The two airlines said in a joint statement Tuesday that if the order is implemented as proposed, they don't expect the deal to go forward.
"Both airlines will review the DOT's proposed rulemaking to determine our next steps," the statement said.
A slot is an interval of time during which an airline can takeoff or land its aircraft at an airport. A pair refers to cities airlines fly between. Slots, especially at peak times of day and in busy corridors like the Northeast, are valuable to airlines.
US Airways agreed in August to transfer 125 operating slot pairs to Delta at LaGuardia Airport in New York. In exchange, Delta agreed to transfer 42 operating slot pairs to US Airways at Reagan National Airport in Washington.
The Transportation Department said Tuesday it has tentatively allowed the transaction to proceed as long as the airlines sell some of their slot interests to carriers with no or limited service at the two airports.
The approval requires the airlines to sell 14 pairs of slot interests at National and 20 pairs at LaGuardia.
The deal could still find some resistance. A final decision won't be issued until after a 30-day public comment period.
Delta's general counsel wrote in a Jan. 29 letter than the airline has been told the Justice Department's antitrust division staff planned to recommend that the division challenge the proposed transaction.
The same week as the Delta-US Airways deal was announced, it was also disclosed that AirTran Airways, based in Orlando, Fla., planned to stop flying to and from Newark, N.J., and give its takeoff and landing slots there to Continental Airlines in exchange for Continental slots at LaGuardia and National airports.
Continental, based in Houston, has a hub at Newark Liberty International Airport, which is used by many travelers heading to or from New York City.
The flurry of slot swap transactions was prompted by the carriers' desire to serve destinations where they believe they can be more profitable than on routes where they have been cutting service.
Through the transactions, the airlines are seeking more bang for the buck in congested areas where slot access is limited and where they face increased competition from Southwest Airlines, which has a knack for bringing lower fares to new markets it serves.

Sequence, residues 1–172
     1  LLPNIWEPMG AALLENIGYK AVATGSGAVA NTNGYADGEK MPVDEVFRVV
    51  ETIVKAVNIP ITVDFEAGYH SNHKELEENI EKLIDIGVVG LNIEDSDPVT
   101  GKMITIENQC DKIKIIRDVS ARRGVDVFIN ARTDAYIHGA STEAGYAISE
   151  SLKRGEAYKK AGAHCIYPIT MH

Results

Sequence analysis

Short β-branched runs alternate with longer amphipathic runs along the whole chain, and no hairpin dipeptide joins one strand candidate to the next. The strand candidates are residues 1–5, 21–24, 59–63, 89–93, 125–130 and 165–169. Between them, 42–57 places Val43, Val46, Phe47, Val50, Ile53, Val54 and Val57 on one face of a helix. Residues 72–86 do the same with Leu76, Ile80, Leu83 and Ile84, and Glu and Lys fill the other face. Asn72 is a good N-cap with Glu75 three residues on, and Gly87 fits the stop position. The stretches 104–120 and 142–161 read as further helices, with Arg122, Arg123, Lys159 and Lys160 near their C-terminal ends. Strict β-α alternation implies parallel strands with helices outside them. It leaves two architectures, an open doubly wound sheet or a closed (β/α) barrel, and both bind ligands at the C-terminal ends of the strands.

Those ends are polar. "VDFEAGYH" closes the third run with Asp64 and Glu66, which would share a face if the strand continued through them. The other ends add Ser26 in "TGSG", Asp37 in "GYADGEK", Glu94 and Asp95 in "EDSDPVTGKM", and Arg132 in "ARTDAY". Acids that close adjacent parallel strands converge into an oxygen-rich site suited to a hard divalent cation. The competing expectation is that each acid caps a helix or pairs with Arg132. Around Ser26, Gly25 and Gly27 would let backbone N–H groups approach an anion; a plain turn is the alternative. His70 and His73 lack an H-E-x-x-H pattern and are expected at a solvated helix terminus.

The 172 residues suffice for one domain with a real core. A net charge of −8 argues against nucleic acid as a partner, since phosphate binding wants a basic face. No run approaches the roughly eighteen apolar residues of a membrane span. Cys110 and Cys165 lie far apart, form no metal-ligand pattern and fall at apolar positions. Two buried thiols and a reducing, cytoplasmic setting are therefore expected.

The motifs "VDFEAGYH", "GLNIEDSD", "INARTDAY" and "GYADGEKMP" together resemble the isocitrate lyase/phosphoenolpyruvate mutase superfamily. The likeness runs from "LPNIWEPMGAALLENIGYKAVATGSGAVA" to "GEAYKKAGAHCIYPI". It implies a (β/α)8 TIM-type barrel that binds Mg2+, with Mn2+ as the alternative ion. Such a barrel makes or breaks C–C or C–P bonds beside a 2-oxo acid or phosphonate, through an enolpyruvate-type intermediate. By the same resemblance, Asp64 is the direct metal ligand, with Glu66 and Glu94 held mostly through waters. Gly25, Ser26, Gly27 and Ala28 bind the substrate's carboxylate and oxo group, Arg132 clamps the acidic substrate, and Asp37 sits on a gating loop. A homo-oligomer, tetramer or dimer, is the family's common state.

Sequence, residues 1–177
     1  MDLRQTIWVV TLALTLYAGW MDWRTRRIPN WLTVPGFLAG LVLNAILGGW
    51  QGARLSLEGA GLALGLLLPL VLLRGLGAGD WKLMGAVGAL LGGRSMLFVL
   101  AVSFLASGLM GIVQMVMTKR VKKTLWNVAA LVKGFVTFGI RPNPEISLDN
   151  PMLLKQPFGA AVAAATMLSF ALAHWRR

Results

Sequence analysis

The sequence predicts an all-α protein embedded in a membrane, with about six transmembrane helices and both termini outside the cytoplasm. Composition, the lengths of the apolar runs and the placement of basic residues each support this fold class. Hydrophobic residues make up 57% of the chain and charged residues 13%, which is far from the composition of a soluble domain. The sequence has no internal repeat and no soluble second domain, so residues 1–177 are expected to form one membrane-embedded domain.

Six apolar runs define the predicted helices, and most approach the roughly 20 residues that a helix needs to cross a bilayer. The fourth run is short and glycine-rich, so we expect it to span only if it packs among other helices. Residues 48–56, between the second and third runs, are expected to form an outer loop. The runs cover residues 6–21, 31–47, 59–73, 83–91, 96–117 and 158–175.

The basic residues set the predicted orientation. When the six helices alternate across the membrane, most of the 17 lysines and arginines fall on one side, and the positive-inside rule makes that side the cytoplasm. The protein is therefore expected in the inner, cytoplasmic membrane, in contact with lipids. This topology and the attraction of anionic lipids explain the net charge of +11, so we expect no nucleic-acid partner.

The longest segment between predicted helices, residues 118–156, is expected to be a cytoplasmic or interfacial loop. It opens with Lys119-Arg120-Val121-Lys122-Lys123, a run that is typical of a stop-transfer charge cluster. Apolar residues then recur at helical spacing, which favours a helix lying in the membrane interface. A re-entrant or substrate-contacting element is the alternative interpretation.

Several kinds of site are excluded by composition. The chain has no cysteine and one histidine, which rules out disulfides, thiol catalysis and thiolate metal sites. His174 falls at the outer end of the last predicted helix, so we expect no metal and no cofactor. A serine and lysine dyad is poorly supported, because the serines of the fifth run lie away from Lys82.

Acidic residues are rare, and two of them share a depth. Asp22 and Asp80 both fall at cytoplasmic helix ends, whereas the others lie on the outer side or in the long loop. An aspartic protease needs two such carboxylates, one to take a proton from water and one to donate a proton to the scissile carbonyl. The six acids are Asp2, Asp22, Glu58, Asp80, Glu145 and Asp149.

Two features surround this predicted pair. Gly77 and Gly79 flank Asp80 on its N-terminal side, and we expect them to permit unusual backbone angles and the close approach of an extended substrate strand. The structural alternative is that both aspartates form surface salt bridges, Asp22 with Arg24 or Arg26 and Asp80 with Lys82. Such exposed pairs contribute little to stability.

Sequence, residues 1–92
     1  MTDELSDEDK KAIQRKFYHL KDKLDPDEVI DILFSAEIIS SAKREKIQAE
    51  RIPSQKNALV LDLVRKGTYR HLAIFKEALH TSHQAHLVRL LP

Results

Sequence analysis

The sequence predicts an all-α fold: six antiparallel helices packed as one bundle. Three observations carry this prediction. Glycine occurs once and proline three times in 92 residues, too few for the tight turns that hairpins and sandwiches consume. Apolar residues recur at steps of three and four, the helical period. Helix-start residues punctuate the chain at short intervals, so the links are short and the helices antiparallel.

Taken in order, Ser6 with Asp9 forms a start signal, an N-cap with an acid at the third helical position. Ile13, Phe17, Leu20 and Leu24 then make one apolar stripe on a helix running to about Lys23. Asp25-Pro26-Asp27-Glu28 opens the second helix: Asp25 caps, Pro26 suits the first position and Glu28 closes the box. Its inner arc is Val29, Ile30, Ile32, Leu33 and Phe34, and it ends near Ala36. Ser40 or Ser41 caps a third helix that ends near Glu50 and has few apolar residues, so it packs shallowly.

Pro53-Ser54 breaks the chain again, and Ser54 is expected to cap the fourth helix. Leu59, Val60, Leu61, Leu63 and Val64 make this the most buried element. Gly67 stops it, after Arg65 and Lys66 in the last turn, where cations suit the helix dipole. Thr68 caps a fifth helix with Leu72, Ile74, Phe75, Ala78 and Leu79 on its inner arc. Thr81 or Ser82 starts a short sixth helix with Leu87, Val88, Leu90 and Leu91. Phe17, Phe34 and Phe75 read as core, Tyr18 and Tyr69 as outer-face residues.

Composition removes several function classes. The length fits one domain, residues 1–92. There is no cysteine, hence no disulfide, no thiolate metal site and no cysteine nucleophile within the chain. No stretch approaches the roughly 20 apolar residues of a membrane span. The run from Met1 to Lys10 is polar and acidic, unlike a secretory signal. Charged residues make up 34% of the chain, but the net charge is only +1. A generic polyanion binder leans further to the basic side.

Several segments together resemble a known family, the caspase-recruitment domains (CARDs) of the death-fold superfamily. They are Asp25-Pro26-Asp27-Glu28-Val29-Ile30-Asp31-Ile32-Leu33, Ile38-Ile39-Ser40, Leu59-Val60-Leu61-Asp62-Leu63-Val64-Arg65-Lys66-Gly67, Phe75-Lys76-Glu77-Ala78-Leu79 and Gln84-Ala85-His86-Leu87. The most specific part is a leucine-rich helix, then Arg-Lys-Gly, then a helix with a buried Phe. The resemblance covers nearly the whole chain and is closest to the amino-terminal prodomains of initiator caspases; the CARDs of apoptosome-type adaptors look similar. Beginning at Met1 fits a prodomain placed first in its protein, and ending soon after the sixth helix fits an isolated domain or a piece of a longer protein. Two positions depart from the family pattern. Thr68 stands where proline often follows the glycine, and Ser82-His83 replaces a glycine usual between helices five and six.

Delta, based in Atlanta, had projected it would operate nearly 30 percent of the total available seat miles from the three main airports serving New York City, if the swap with US Airways went through as the two airlines wanted. Available seat miles measure an airline's capacity for carrying passengers. It equals the number of seats available multiplied by miles flown.
US Airways, based in Tempe, Ariz., wants to expand its service at Washington National, and obtain access from Delta to slots at airports in Tokyo and Sao Paulo, Brazil. The carrier has said it planned to reduce its Express flights at LaGuardia, while mainline and Shuttle flight levels would not be affected.
At LaGuardia, Delta's plan calls for building a connector between the adjacent Delta and US Airways main terminals and rebranding US Airways' existing main terminal gates, ticket counters and lounges to Delta standards. Delta Shuttle operations, currently housed in a separate terminal called the Marine Air Terminal, would be moved to Delta's consolidated main terminal. US Airways' Shuttle operations would move to the Marine Air Terminal. A fourth terminal currently houses gates from other airlines.
The slots DOT is requiring be divested would have to be sold to U.S. or Canadian carriers that have less than 5 percent of the total slot interest holdings at the two airports, do not codeshare on flights to or from the airports with any airline that has 5 percent or more slot interest holdings there, and are not subsidiaries of a company whose combined slot interest holdings are equal to or greater than 5 percent at National or LaGuardia.